Let us examine another wonder of nature that God has created for our enjoyment. Psalm 40:5 best expresses my thought, "Many, O Lord my God, are the wonders you have done. The things you planned for us no one can recount to you; were I to speak and tell them, they would be too many to declare."SPIDERWORT
Tradescantia hirtusuitfloraSpiderwort is a showy three-petal wildflower with violet-blue flowers and six bright yellow stamens. This wildflower grows along our driveway, along the roadside, and all over the granite outcrops where a little soil has formed.
Close examination reveals several unusual characteristics.
First, the long narrow leaves of single plants remind one of a large spider. That is the traditional view of why the common name was chosen. It looked like a squatting spider.
Second, the flowers only open in the morning. By midday they wilt and become a jelly-like fluid.
Third, the flowers form in clusters above two structures that appear to be leaves. However, they are actually bracts.
Fourth, the stamens are special subjects for biology classes. The filament, or stem that holds the pollen-bearing anthers, looks like a chain. The walls of the cells are very thin and are a favorite subject for observing the cytoplasm and nucleus through a microscope.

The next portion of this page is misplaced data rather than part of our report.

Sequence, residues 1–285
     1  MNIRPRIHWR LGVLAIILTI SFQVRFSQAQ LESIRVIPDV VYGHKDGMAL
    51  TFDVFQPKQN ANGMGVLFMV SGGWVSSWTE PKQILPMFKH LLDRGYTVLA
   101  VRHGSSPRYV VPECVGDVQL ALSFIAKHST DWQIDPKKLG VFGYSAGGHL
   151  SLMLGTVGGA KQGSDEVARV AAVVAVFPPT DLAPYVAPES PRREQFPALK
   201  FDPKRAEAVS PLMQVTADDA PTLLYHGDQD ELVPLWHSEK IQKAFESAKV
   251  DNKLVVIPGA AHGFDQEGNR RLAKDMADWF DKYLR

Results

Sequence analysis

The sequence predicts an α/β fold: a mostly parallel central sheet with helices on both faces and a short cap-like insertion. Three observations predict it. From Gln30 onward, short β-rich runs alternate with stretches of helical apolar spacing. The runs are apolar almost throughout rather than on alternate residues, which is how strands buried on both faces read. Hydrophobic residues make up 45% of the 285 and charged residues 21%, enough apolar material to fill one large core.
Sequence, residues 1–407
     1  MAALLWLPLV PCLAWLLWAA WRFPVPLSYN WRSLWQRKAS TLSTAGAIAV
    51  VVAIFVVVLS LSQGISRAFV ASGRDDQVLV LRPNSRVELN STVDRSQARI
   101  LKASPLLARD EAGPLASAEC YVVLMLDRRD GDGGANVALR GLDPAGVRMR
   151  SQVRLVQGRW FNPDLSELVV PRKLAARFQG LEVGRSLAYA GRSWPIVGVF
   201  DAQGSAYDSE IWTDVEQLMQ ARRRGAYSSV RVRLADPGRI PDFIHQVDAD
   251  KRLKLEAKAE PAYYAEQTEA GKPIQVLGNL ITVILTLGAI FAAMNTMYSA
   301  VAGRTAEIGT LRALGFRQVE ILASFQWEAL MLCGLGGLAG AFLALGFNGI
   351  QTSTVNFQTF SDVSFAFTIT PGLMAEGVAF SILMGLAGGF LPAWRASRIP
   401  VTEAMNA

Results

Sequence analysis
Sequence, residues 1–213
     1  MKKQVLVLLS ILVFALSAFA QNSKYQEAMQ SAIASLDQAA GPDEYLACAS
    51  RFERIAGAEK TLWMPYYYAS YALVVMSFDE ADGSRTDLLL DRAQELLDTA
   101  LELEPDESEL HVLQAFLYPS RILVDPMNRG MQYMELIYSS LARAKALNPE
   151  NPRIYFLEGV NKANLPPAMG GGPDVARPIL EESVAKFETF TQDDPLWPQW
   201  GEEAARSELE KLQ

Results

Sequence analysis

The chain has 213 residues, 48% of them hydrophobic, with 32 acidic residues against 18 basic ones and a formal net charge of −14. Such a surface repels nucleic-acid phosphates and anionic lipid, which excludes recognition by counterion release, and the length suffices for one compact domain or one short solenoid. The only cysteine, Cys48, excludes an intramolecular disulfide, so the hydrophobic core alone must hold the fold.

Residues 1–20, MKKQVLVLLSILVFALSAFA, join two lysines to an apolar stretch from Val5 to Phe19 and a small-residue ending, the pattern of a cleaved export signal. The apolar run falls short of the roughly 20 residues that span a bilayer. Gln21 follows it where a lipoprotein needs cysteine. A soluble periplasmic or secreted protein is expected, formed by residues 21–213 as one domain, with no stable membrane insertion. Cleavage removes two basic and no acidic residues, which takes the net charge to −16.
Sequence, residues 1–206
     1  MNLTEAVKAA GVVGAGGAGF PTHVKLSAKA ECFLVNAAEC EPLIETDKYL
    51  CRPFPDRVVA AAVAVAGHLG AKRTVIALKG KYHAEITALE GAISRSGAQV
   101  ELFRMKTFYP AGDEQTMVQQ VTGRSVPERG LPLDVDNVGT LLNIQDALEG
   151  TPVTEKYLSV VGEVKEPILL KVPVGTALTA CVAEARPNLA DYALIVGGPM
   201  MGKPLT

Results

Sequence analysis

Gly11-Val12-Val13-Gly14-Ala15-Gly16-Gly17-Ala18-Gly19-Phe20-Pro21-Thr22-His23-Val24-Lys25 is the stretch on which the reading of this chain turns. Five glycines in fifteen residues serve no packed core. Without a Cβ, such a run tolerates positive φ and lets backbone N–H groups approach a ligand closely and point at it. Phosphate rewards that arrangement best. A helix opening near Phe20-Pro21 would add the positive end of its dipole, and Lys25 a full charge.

Fifth, the spiderwort has the unusual ability to detect nuclear radiation. The hair on the stamen is usually blue, but turns pink as the level of radiation increases.
The botanical name Tradescantia is in honor of John Tradescant, Jr. (1608-1662) His father, John Sr., was a gardener for King Charles I of England. John Jr. came to America and first noted this plant in the Virginia colony in the 17th century, thus the botanical name Tradescantia virginiana, a close cousin of our species, according to author Jack Sanders.
Spiderworts bloom from April to July. Those that grow along my driveway rarely stand more than 12 inches tall; however, the plants around a nearby outcrop reach the full 24 inches or more. The triangular-shaped blooms measure from 1 to 2 inches.
"Many, O Lord my God, are the wonders you have created." Thank you for eyes that see the uniqueness of each creation and a voice that can praise your goodness. Amen
Orrin Morris is a retired Baptist minister, local artist and art teacher. Notecards are available of the wildflowers published in the Citizen. His email is firstname.lastname@example.org or call him at 770-929-3697.